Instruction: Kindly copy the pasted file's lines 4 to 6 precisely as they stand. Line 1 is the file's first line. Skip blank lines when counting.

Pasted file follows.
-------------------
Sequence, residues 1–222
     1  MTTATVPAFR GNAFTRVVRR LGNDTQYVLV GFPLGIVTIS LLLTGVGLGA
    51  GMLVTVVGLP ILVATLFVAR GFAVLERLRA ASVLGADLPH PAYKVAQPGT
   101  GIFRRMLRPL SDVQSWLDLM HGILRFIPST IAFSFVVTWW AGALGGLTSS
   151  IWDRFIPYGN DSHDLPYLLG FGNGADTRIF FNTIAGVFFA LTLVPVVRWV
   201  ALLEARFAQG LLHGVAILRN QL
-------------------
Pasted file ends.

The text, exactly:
   101  GIFRRMLRPL SDVQSWLDLM HGILRFIPST IAFSFVVTWW AGALGGLTSS
   151  IWDRFIPYGN DSHDLPYLLG FGNGADTRIF FNTIAGVFFA LTLVPVVRWV
   201  ALLEARFAQG LLHGVAILRN QL